It appears that India is rising in the estimation of the financial community as one of the world’s most notable investment markets, specifically where sovereign wealth funds and public pension funds are concerned.
According to the most recent study released by asset management firm Invesco on Monday, November 21st, India now ranks second only to the United States as the world’s most favored investment market for such funds. The country has also overtaken China as the most popular emergent market this year, rising into second place for 2022 from its slot at ninth place back in 2014.
According to the Invesco study, India’s climb to the top can be explained by the fact that a number of funds with allocations within Asia are reducing their exposure to China. Indeed, a number of investors have openly praised India’s drive towards economic reform as well as its solid demographic profile.
The study also noted that there has also been an increase in the number of sovereign wealth funds established in Africa, around 11 of which were mandated for the development of local economies.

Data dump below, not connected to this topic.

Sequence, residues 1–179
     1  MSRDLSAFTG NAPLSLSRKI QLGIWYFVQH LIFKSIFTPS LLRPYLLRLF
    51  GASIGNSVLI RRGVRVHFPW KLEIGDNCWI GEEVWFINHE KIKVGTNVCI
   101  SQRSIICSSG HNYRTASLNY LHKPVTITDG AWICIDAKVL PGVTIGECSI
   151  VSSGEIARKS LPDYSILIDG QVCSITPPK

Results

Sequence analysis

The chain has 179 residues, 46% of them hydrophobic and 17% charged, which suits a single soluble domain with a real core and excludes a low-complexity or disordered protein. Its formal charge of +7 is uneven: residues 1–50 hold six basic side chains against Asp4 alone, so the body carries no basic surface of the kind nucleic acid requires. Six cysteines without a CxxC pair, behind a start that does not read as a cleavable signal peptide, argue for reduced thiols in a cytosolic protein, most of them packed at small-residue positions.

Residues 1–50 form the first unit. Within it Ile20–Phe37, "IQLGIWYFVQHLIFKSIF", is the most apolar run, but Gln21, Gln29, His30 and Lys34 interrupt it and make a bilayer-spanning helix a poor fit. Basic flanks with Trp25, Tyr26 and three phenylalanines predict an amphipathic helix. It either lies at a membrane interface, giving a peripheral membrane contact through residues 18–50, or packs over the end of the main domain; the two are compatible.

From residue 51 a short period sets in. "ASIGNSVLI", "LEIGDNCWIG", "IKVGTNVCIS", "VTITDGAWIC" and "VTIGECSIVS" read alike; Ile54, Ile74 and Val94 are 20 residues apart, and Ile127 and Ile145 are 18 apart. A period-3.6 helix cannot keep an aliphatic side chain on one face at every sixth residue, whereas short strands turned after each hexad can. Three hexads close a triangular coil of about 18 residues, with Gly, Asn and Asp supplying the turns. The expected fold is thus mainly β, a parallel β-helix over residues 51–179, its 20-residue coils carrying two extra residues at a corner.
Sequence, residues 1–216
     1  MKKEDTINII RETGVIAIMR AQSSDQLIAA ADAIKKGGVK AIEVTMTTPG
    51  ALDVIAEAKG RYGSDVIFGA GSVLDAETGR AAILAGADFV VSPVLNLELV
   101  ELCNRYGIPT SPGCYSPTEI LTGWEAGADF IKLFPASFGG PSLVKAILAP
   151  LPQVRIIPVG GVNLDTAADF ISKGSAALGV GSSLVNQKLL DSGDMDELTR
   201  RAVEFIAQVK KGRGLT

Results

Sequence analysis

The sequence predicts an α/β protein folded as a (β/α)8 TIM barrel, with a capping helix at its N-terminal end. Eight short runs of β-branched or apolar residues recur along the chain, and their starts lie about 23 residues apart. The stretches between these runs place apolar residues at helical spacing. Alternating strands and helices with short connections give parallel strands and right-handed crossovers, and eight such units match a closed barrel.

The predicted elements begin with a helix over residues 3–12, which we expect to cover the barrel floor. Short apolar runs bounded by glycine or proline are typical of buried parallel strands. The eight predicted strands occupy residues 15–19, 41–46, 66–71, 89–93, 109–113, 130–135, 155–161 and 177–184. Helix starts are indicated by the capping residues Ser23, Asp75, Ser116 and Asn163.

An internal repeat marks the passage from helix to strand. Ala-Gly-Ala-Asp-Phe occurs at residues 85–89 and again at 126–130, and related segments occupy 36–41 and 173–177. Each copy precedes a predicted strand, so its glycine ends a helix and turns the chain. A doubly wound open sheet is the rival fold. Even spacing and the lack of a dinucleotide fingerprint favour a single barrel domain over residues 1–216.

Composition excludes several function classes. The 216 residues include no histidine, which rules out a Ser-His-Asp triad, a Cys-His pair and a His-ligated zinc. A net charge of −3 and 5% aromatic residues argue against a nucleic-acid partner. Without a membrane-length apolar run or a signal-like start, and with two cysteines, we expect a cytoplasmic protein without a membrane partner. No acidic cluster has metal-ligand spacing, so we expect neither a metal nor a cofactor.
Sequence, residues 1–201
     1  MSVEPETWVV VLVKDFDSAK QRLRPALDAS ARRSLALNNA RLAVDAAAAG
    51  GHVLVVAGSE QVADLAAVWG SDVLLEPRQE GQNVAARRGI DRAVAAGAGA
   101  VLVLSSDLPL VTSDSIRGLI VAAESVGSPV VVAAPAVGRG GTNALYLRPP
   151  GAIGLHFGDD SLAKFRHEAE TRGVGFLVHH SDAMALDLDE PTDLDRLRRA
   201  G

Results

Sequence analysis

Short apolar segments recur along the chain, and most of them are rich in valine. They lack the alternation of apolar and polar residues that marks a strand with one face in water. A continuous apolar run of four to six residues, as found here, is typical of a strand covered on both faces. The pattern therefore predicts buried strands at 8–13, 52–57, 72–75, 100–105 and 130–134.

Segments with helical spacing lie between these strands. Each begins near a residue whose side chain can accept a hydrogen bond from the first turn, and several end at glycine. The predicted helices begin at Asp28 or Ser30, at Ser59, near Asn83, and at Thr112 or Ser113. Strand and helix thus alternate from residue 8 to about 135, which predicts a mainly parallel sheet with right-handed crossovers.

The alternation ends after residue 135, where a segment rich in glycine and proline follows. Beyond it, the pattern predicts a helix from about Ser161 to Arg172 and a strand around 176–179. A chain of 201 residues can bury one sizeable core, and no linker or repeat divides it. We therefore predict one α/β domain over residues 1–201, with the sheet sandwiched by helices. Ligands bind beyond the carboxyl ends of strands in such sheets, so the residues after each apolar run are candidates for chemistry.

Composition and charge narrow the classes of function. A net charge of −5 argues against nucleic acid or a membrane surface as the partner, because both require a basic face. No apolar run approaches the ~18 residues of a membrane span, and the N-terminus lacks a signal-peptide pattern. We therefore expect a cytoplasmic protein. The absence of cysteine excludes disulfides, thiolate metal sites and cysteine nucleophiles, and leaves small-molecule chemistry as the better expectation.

The US in the Lead
Nevertheless, the United States remains the primary destination for most sovereign wealth and public pension funds, knocking the UK out of a position it has held since 2014.
However, experts think this, too, may change soon. A number of sovereign investors now seek to rebalance their portfolios, citing their over-reliance on the US markets – an oversight that made them vulnerable to the corrections seen in equity markets earlier this year.
The Current State of the Market
According to Invesco head of official institutions Rod Ringrow, sovereign investors used to invest with the wind at their backs over the past decade. This was mostly because of what he referred to as a secular bull market which resulted from the last global financial crisis. Indeed, throughout the past ten years, sovereign investors saw average annual returns of around 6.5%, while standalone sovereign wealth funds could expect around 10%.
Today, sovereign investors now manage around $33 trillion in assets and have also witnessed a marked increase in allocations to private markets. This year, though, higher inflation and tighter monetary policies could have an adverse impact on returns. In which case, there could be a slowdown with regard to allocations to private markets in favor of fixed income options.